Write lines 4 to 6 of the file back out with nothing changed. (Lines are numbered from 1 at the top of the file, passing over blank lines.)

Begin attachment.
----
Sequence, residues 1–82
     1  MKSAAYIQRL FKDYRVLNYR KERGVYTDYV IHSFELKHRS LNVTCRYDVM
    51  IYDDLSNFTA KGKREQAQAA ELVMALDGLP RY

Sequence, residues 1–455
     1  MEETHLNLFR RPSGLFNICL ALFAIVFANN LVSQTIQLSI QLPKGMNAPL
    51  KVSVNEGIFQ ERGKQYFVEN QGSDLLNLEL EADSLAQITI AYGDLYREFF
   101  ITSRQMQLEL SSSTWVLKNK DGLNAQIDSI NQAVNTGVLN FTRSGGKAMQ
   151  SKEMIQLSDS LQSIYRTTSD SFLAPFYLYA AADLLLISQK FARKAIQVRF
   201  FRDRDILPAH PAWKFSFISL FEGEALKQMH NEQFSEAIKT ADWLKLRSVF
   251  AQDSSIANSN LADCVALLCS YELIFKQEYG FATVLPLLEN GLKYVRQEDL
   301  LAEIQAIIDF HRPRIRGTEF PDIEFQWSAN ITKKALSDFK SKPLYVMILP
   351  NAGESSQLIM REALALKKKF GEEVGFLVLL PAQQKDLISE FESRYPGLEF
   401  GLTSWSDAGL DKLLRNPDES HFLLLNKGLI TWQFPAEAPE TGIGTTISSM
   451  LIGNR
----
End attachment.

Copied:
Sequence, residues 1–455
     1  MEETHLNLFR RPSGLFNICL ALFAIVFANN LVSQTIQLSI QLPKGMNAPL
    51  KVSVNEGIFQ ERGKQYFVEN QGSDLLNLEL EADSLAQITI AYGDLYREFF